Adapting to Storms and Flooding

 
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Increased frequency of storms and severity of flooding prompts beach community to look for solutions.

Localized flooding has been an ongoing occurrence in the seaside town of Old Orchard Beach, Maine. Increased frequency and severity of flooding prompted the Town to hire Wright-Pierce to investigate causes and potential solutions. Wright-Pierce assisted the Town with a study and design of flood adaptation measures along West Grand Avenue, an emergency evacuation route for the town.

The West Grand Avenue storm water conveyance network consists of saltwater marshes, freshwater marshes, natural channels, road culverts, subsurface piping, and a tide gate. During the study phase of the project, Wright-Pierce determined that flooding was attributable to both watershed runoff and tidal influences. The most severe flooding occurred when the peak runoff rates occurred during a high tide. An analysis of the existing marsh storage capacity revealed that during high tide, a significant portion of the marsh volume was filled with saltwater. Runoff from large storms during high tide could not be stored within the already filled marsh, resulting in localized flooding of private residences and emergency evacuation route roadways.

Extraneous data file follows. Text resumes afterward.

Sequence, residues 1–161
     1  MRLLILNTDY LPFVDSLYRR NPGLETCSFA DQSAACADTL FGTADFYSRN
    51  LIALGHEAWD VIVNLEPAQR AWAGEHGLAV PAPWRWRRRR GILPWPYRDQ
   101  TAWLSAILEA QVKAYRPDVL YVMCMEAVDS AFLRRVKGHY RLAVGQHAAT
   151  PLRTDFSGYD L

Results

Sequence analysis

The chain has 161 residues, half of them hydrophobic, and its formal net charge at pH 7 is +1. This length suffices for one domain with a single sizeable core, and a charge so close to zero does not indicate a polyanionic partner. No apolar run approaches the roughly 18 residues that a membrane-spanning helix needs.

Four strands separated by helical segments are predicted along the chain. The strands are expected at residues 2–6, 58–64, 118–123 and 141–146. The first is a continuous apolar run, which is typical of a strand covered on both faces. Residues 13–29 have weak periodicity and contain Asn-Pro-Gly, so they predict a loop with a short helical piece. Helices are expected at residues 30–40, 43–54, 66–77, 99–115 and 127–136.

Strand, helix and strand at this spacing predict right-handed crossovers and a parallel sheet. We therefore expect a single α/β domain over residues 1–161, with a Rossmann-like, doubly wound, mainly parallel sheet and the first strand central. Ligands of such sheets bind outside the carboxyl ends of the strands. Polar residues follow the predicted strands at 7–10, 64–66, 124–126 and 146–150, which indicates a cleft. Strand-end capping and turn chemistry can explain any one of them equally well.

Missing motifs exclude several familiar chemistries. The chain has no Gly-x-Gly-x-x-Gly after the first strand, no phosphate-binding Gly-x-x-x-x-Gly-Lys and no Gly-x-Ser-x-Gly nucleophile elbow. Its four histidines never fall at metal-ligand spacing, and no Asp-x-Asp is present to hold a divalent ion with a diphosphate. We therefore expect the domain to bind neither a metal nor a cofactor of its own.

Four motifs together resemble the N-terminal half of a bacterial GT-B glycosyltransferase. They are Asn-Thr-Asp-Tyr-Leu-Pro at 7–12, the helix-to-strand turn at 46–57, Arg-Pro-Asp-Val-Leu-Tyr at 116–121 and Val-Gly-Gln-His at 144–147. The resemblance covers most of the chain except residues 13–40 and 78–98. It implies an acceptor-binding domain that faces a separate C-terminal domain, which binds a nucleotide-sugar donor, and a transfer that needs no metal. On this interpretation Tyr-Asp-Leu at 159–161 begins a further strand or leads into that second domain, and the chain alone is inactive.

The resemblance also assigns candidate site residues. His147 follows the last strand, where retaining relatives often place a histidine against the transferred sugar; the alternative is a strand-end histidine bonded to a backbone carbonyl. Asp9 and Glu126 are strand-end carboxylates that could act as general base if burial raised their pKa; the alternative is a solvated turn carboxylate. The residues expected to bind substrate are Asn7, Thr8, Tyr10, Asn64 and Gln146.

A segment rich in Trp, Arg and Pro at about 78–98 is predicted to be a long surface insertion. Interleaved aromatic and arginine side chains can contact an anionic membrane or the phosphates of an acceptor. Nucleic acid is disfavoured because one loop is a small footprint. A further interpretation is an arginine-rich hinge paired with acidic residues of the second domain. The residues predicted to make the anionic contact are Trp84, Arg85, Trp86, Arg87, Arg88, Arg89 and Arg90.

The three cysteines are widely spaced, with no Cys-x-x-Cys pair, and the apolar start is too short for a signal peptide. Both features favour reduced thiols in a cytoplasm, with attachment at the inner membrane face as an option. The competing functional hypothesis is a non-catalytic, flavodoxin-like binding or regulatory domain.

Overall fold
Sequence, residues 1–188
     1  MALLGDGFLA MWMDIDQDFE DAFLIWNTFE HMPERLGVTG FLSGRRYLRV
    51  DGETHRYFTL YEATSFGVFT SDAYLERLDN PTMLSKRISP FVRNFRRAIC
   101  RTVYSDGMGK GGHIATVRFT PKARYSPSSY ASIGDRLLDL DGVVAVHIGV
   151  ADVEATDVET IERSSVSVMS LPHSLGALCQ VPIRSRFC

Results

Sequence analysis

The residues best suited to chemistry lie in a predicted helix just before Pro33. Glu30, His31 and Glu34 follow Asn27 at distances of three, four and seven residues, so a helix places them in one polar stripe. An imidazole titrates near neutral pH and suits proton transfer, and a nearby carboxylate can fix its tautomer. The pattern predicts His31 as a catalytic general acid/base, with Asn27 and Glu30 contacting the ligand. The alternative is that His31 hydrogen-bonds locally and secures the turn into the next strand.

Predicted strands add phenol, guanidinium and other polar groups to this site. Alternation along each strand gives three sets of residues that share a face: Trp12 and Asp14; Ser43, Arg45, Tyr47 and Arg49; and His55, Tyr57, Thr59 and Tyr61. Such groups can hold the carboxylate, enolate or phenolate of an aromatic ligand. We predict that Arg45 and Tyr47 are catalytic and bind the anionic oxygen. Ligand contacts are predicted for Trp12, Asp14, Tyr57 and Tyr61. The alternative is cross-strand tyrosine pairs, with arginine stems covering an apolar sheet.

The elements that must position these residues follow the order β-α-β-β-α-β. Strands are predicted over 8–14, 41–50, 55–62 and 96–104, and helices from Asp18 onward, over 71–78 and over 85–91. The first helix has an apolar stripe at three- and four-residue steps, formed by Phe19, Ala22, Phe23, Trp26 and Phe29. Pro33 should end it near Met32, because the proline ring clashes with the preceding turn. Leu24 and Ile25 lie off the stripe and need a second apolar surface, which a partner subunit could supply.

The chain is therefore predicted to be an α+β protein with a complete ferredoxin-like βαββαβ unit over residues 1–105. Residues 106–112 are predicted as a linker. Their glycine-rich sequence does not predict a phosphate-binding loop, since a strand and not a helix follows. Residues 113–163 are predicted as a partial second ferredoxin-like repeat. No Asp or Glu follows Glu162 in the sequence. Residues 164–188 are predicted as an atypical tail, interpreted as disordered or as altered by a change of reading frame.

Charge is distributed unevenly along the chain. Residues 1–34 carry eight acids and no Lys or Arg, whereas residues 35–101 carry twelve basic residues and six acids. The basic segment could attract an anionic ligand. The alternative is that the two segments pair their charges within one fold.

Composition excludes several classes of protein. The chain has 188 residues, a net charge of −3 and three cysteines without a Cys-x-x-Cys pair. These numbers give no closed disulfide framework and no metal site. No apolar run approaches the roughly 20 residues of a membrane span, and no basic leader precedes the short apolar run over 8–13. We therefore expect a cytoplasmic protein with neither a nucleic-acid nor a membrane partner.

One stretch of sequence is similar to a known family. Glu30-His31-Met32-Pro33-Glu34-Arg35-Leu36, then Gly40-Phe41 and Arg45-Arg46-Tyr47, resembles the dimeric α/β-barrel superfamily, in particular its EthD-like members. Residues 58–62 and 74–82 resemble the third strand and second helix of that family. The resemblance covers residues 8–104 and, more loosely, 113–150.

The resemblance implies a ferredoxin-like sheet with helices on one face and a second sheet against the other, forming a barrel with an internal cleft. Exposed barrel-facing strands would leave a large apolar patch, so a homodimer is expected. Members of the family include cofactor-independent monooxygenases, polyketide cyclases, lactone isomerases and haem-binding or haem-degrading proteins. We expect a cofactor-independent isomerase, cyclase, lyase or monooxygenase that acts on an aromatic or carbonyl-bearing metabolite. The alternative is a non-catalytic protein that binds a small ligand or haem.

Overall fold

The Town is currently engaged with environmental interest groups, most notably, the Sea Level Adaptation Working Group (SLAWG). Wright- Pierce coordinated with the SLAWG throughout the design process, and considered sea level rise when developing adaptation strategies. Wright-Pierce recommended and designed several local improvement projects in the problem area, including modifications to tide gate controls and operations, local stormwater infrastructure improvement, marsh invasive plant removal, and a flood control berm. 
Article written by:

Ryan Wingard, PE
Senior Project Manager

Civil/Infrastructure
Practice Group